If you’re traveling internationally, a travel consultant will be able to help you understand what you’ll need for your trip in the way of passports and vaccinations. Staying up to date on U.S. State Department travel advisories and knowing what the weather is like at different times during the year are typical luxury travel advisor qualifications.
Many travel agents specialize in certain countries, traveling there to familiarize themselves with the local laws and customs and find the exciting hot spots, according to Study.com. They’ll even help you choose what clothing to pack for your trip. These types of travel consultants often cater to affluent clients who are willing to pay more for this type of firsthand information.
Becoming a Travel Agent or Consultant
There’s no college degree to become a travel agent or consultant, but you will increase your chances of landing one of these jobs if you earn a certificate or degree in a field like travel and tourism or hospitality.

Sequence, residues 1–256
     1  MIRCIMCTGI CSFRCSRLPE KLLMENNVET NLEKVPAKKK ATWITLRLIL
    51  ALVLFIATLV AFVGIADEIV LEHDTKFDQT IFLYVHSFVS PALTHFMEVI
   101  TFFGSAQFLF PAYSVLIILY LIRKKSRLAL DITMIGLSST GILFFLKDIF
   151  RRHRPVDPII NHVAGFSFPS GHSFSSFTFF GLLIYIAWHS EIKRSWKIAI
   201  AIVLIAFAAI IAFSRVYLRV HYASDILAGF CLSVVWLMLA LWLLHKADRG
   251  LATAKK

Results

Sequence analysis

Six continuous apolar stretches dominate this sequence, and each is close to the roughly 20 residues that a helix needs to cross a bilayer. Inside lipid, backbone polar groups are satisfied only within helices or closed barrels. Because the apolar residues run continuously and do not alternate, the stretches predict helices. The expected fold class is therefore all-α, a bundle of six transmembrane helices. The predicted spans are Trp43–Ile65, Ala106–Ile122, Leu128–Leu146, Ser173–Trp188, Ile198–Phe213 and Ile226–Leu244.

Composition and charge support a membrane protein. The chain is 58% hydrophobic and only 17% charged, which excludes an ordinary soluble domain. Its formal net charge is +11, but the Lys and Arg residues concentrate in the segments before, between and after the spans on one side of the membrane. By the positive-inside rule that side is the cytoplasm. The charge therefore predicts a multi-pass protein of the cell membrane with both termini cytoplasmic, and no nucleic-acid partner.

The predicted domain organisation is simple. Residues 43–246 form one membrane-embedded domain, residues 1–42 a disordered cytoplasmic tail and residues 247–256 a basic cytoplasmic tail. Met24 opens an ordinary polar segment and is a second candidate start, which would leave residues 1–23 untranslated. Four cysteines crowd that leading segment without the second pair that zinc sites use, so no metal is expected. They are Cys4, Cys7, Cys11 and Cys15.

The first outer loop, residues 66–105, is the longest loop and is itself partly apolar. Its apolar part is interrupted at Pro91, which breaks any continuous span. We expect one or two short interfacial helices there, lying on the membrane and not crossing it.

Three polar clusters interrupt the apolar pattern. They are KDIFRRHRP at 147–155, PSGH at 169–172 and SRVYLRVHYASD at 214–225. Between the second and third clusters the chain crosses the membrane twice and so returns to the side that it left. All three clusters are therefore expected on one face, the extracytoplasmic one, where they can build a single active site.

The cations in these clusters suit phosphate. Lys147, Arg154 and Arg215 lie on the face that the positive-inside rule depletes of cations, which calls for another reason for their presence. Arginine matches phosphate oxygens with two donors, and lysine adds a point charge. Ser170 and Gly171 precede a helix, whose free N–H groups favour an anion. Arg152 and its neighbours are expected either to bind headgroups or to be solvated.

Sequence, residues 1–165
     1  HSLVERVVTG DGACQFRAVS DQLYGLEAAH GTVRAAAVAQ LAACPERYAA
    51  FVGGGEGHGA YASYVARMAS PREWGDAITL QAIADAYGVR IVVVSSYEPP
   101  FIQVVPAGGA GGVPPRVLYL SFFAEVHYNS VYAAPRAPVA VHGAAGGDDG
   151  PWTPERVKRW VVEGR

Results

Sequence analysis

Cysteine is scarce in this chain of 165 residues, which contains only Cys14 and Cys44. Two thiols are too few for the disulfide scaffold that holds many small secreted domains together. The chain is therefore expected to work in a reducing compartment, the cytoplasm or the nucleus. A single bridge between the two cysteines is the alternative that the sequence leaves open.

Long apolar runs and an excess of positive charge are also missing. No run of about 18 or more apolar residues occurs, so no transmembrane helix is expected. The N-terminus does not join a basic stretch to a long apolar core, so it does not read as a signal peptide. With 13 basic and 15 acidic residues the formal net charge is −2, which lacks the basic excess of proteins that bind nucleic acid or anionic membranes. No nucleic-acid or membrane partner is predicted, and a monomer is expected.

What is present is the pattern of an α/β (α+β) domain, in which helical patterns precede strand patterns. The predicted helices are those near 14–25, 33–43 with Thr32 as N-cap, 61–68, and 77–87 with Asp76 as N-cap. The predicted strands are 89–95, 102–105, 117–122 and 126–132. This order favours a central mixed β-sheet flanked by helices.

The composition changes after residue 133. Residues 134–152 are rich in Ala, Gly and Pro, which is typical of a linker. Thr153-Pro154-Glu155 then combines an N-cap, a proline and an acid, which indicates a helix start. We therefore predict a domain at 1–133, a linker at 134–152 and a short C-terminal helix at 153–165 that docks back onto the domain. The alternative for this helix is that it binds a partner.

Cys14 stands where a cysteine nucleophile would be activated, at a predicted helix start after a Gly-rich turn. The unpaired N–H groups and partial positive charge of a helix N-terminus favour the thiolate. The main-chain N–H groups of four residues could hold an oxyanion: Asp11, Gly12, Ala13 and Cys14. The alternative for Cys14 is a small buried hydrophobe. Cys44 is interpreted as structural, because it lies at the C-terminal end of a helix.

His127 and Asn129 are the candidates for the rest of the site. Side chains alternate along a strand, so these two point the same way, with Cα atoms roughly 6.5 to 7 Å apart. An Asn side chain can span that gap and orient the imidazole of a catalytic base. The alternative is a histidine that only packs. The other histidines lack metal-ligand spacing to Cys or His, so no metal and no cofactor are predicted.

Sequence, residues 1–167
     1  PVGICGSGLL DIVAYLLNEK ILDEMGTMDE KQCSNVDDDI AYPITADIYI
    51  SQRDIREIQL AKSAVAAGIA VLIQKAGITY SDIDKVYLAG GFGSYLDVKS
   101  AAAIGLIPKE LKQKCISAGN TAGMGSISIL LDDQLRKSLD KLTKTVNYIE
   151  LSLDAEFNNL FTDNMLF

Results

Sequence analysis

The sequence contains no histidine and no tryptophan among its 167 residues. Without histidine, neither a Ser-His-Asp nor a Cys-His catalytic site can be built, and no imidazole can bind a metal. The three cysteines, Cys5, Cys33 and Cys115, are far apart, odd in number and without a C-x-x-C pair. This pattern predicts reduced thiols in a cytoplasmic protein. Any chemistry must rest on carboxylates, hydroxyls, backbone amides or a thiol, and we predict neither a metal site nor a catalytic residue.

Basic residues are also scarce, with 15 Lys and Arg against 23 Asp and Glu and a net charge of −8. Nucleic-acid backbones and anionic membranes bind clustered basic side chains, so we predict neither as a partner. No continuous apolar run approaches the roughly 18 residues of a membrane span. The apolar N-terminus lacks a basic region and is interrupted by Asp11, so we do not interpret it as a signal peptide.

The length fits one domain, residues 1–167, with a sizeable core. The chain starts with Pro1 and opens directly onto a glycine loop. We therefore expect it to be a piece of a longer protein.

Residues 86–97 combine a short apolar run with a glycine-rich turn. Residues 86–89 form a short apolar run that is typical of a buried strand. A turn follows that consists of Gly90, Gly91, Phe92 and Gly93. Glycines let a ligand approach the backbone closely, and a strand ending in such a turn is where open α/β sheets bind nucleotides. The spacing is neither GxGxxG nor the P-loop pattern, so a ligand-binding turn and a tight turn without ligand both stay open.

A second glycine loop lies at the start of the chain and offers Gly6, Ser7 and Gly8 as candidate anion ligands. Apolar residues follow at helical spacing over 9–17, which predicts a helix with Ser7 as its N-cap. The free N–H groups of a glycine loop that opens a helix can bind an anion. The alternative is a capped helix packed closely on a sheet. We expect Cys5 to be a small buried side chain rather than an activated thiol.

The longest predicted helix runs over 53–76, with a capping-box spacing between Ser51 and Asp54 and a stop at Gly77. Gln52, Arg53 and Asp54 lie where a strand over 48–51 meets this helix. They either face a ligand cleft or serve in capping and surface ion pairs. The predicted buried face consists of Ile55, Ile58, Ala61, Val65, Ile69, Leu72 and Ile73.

You can also prepare by joining a group like the Travel Institute or Cruise Lines International Association.
Earning designation as a Certified Travel Associate or Certified Travel Counselor (which requires at least five years of experience) will also help you enter the field and move up. Once certified, you’ll need to take continuing educations courses to maintain your certification.
With the COVID-19 pandemic depressing the travel industry for the foreseeable future, your best bet to make a living in this profession might be to learn how to find and assist people who are taking vacations using a car, or you might become a high-end travel consultant.
Travel Agent Compensation
The U.S. Bureau of Labor Statistics only provides pay data for travel agents, possibly because travel consulting is a boutique profession with many of these professionals working as independent contractors.